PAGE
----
Kathleen Horan, Reporter, WNYC News
Kathleen Horan is a staff reporter for New York Public Radio, covering the neighborhood beat. She also reports 'Reset', an ongoing series documenting police-community relations in Bedford Stuyvesant, Brooklyn.
The New Jersey State Senate voted unanimously Thursday to approve a bill that would make it harder for teachers to obtain and keep tenure.
The legislation requires “effective" job evaluations twice in three years before instructors receive tenure. The bill's sponsor, Democrat Senator Teresa Ruiz said if it becomes law, the new evaluation system will ensure a high level of performance overall.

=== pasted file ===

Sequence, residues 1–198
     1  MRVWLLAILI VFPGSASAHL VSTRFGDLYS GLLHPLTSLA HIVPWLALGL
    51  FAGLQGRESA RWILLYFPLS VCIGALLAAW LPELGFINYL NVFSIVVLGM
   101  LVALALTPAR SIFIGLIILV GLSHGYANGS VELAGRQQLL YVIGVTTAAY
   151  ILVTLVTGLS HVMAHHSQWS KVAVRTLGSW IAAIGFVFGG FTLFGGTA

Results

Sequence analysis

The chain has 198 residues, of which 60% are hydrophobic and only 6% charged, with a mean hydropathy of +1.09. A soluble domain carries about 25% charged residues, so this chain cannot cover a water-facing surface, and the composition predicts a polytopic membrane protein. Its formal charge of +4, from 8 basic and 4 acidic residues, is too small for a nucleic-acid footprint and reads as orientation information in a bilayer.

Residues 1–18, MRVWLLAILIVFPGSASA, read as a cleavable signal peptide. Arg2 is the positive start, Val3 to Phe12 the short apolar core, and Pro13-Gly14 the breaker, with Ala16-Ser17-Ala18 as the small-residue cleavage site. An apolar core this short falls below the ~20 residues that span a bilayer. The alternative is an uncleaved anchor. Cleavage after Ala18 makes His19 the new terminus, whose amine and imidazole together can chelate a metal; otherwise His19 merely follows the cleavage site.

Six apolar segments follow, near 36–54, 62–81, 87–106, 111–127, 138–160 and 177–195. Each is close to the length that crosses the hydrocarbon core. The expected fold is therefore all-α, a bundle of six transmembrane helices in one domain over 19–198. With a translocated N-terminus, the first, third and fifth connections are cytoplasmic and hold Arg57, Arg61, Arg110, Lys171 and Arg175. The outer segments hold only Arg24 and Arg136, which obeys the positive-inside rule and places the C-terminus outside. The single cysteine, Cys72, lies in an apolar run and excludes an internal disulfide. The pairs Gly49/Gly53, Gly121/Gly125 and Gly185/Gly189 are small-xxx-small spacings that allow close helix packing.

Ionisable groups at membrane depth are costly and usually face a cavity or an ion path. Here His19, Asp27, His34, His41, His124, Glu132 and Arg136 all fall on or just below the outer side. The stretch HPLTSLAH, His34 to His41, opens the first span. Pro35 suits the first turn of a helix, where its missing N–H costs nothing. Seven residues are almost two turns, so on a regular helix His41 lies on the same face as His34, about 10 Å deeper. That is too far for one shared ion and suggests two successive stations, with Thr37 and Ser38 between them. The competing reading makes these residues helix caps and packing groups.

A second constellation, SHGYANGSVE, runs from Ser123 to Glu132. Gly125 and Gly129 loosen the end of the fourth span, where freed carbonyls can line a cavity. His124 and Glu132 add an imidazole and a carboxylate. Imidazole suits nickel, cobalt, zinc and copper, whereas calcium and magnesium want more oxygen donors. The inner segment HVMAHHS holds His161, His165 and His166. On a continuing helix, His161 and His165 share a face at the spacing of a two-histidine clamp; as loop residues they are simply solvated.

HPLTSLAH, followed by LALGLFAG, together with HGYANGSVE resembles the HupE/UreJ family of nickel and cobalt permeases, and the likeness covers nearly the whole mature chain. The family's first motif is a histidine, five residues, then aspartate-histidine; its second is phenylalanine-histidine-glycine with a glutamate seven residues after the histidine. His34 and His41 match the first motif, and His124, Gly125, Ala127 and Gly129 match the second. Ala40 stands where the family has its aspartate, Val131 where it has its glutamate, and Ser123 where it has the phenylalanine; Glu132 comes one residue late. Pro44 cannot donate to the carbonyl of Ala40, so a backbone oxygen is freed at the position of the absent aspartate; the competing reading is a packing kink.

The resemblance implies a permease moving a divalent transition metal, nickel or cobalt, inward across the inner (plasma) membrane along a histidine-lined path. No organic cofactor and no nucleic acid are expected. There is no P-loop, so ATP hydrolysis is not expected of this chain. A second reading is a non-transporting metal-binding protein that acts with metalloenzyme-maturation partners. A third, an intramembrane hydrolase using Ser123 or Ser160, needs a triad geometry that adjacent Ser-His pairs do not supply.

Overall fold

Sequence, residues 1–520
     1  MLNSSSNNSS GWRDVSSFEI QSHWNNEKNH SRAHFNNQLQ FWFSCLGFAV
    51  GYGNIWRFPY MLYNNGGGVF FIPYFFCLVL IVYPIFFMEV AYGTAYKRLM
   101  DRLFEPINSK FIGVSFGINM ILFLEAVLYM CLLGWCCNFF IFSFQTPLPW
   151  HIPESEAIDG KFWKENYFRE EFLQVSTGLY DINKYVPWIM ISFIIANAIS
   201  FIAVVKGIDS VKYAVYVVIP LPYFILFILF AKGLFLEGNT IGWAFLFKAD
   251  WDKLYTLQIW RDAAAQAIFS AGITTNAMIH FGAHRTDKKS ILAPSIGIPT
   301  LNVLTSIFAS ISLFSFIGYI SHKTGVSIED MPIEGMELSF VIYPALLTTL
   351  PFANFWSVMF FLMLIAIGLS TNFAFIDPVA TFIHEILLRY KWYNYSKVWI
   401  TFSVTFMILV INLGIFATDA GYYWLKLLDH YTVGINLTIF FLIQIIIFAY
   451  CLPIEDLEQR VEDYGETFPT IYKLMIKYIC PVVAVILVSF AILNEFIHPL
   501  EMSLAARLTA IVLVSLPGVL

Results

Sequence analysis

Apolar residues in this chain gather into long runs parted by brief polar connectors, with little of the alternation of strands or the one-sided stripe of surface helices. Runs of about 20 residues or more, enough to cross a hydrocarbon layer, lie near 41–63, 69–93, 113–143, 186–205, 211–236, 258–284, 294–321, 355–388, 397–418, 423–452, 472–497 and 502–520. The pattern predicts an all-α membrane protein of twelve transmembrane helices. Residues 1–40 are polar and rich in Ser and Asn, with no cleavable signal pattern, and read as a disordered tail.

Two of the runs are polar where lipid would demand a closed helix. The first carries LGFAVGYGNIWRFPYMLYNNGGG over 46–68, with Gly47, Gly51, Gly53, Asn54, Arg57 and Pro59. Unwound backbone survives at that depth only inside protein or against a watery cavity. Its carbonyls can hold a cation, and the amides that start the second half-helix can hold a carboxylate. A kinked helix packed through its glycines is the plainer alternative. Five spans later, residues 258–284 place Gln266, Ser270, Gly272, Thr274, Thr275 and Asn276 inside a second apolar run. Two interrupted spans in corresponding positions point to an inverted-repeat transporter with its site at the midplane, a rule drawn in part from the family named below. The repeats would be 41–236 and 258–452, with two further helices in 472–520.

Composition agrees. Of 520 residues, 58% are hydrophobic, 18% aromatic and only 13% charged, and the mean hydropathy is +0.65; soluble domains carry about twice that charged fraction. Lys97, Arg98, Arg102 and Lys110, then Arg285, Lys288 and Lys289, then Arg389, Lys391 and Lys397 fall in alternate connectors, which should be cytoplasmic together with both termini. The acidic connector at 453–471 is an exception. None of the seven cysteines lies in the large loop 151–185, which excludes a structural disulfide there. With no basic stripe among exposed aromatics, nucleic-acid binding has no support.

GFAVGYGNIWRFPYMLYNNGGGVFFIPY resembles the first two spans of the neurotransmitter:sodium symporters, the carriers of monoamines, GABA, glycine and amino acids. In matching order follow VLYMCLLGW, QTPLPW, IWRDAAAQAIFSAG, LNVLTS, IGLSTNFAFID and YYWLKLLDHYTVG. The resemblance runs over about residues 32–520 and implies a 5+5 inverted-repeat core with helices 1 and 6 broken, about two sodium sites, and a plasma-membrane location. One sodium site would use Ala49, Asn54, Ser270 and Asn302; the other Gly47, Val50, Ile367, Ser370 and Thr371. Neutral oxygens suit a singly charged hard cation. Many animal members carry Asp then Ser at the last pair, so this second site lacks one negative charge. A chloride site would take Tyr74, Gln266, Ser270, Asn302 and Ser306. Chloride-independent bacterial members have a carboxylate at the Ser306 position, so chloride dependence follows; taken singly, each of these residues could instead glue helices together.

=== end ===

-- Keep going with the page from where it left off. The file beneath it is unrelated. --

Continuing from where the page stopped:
"If in fact there is no mobility of improvement for whatever reason then there is an effective and efficient way for removing the person from in front of the class,” Ruiz explained.
A deal is in place to resolve differences between the Senate tenure bill and the one that is in the Assembly. Assembly Education Committee Chairman Pat Diegnan said he’d reached a compromise with his Senate counterpart on some details.
Ruiz said the Assembly will receive the bill with some amendments with a vote expected on Monday.
The statewide teacher’s union, NJ Education Association, supports the bill and it also has widespread Republican support.
But those who oppose the measure describe it as "anti-teacher." They argue that tenure, as well as raises and seniority, are already based on performance.
With the Associated Press